"The dominant group in all cases are stony meteors."[7]

Wentworth scales[edit]

These are pebbles on a beach. Credit: Slomox.
This image shows a rock apparently where it fell. Credit: Sten Porse.

Most meteoroids that cause meteors are about the size of a pebble.

Def. a particle classification system based on diameter is called the Wentworth scale.

Def. a particle less than 1 micron in diameter is called a colloid.

Def. a particle less than 3.9 microns in diameter is called a clay.

Def. a particle from 3.9 to 62.5 microns in diameter is called a silt.

Def. a particle less than 62.5 microns in diameter is called a mud.

Def. a particle from 62.5 microns to 2 mm in diameter is called a sand.

Def. a particle from 2 to 64 mm in diameter is called a gravel.

Def. a particle from 2 to 4 mm in diameter is called a granule.

Def.' a particle from 4 to 64 mm in diameter is called a pebble.

Def. a particle from 64 to 256 mm in diameter is called a cobble.

Def. a particle [or large piece of stone greater than 256 mm in diameter that can theoretically be moved if enough force is applied is called a boulder.

Technology[edit]

The Comprehensive Suprathermal and Energetic Particle Analyzer (COSTEP) aboard SOHO "detects and classifies very energetic particle populations of solar, interplanetary, and galactic origin."[8]

See also[edit]

References[edit]

  1. 1.0 1.1 1.2 Janet Fang (April 4, 2014). Skydiver Almost Hit by Meteorite. IFLScience. Retrieved 2014-08-31.
  2. 2.0 2.1 Hans Erik Foss Amundsen (April 4, 2014). Skydiver Almost Hit by Meteorite. IFLScience. Retrieved 2014-08-31.
  3. 3.0 3.1 3.2 Mark R. Mireles, Kirth L. Pederson, Charles H. Elford (February 21, 2007). Meteorologial Techniques. 106 Peacekeeper Drive, Suite 2N3, Offutt Air Force Base, Nebraska USA: Air Force Weather Agency/DNT. Retrieved 2013-02-17.CS1 maint: Multiple names: authors list (link)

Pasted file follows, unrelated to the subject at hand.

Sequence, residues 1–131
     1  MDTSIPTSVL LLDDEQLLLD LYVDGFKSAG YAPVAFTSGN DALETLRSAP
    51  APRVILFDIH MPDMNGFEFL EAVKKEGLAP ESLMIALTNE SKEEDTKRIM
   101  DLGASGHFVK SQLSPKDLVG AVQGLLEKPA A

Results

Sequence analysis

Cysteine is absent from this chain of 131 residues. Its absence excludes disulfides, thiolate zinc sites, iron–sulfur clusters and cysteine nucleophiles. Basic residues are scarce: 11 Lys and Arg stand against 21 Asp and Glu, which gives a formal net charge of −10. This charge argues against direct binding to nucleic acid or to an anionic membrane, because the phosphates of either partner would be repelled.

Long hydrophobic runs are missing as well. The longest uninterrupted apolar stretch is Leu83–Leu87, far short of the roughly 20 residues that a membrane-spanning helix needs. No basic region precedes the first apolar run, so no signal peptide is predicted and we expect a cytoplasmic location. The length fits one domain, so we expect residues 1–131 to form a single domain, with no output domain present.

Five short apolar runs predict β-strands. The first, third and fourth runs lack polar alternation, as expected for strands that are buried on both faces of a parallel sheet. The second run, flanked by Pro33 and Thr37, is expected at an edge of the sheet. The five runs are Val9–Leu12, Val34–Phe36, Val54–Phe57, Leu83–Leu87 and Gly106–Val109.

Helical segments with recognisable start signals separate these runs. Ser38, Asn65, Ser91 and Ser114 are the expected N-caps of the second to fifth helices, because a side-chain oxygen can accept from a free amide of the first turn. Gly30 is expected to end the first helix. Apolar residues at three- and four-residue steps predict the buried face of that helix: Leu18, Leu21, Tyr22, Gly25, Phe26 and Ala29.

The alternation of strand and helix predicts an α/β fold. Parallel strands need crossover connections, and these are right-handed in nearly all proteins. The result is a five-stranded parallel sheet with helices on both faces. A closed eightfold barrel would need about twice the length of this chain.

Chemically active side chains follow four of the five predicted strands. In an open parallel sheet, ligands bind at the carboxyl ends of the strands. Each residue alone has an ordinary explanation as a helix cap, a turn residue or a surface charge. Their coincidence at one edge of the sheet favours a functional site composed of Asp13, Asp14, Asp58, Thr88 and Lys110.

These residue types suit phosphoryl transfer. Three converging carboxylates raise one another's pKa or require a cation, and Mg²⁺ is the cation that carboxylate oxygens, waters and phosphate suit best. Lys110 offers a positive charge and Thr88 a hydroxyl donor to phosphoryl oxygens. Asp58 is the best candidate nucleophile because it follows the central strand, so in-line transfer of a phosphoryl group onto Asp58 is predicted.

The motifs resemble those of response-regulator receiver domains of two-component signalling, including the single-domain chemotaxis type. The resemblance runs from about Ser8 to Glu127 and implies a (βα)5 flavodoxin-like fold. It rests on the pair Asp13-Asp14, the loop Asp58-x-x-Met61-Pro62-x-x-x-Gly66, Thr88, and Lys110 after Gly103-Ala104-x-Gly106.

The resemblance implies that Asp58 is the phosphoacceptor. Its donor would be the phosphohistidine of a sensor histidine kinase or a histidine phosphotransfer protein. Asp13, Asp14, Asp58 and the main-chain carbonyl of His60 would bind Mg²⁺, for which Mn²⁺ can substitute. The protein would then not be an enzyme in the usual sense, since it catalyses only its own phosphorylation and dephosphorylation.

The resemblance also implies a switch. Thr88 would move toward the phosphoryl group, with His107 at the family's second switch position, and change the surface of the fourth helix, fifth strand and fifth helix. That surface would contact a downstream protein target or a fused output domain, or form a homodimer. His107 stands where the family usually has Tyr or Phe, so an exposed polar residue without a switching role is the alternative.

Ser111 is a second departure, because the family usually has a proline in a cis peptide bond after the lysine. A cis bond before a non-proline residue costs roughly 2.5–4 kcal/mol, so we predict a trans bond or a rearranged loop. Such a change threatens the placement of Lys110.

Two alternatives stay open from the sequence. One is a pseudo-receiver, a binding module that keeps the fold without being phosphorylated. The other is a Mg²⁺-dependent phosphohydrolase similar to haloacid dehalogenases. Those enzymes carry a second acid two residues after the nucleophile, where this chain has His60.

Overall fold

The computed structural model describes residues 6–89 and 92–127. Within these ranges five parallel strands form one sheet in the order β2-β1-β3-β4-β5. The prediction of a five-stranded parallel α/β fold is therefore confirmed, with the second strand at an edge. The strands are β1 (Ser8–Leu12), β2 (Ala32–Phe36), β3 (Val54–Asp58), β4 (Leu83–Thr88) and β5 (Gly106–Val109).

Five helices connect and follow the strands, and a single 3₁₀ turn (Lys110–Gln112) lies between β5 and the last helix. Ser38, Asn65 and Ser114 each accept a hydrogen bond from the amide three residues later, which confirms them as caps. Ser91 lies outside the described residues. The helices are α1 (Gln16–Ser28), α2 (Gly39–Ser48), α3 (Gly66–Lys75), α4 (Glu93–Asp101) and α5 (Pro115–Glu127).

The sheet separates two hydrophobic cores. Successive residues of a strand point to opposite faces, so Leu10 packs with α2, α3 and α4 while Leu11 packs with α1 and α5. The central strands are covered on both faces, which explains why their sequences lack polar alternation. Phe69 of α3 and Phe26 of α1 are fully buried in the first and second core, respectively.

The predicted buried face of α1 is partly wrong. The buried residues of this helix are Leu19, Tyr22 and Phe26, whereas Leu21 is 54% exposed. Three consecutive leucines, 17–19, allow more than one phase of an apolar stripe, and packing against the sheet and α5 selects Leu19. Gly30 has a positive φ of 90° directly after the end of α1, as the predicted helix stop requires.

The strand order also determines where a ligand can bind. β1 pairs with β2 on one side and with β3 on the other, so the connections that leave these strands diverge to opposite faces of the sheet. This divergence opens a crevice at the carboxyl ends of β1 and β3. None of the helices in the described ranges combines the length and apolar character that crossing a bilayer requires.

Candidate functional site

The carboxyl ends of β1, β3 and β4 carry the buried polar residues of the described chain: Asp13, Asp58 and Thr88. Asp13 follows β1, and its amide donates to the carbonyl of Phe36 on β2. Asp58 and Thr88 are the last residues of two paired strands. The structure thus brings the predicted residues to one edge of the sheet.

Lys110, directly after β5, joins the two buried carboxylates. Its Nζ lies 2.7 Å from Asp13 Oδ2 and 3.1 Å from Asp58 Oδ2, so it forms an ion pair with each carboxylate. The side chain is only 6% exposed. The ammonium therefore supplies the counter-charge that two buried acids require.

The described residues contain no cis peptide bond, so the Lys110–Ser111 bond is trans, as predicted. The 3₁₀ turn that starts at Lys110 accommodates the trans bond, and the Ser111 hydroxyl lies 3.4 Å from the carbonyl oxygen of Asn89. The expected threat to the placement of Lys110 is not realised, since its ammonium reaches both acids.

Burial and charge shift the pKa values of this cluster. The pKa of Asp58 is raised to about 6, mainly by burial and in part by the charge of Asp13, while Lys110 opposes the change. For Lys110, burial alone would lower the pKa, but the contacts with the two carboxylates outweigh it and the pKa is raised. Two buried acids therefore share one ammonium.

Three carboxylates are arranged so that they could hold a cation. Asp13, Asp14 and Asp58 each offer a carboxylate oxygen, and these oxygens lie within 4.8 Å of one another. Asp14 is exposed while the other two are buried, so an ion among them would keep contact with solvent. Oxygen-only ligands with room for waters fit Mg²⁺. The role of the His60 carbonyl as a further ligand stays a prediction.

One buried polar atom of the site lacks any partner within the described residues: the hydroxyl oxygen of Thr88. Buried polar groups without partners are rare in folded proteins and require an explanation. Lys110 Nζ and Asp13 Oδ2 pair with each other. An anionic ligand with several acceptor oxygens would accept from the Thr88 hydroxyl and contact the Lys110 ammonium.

4. PJ Ozer (1995). Fantechi, R.;Peter, D.;Balabanis, P.;Rubio, J. L.. ed. Lithometeors in relation with desertification in the Sahelian area of Niger, In: Desertification in a European context: physical and socio-economic aspects. Luxembourg: Office for Official Publications of the European Community. pp. 567-74. ISBN 92-827-4163-X. http://www.cabdirect.org/abstracts/19971901329.html. Retrieved 2013-02-17. 
  5. Jian-qiao Yu, Xia1 Wang, Li Wen, Jing-shun Wang (April 2008). "Studies on Correlation of Heavy Metal Pollution in Soil, Lithometeor". Journal of Agricultural Science and Technology (04). http://en.cnki.com.cn/Article_en/CJFDTOTAL-NKDB200804025.htm. Retrieved 2013-02-17. 
  6. P. Ozer (1998). G. Demaree, J. Alexandre, M. de Dapper, ed. Lithometeors and wind velocity in relation with desertification during the dry season from 1951 to 1994 in Niger, In: International Conference on tropical climatology, meteorology and hydrology in memoriam Franz Bultot. Bruxelles (Belgium): Royal Meteorological Institute of Belgium; Royal Academy of Overseas Sciences. pp. 212–27. Retrieved 2013-02-17.CS1 maint: Multiple names: editors list (link)
  7. 7.0 7.1 7.2 7.3 Zd. Ceplecha (1958). "On the composition of meteors". Bulletin of the Astronomical Institutes of Czechoslovakia 9: 154-9. 
  8. B. Heber (30 June 2003). SOHO Fact Sheet (PDF). Greenbelt, MD 20771, USA: NASA/GSFC. Retrieved 2016-03-27.

External links[edit]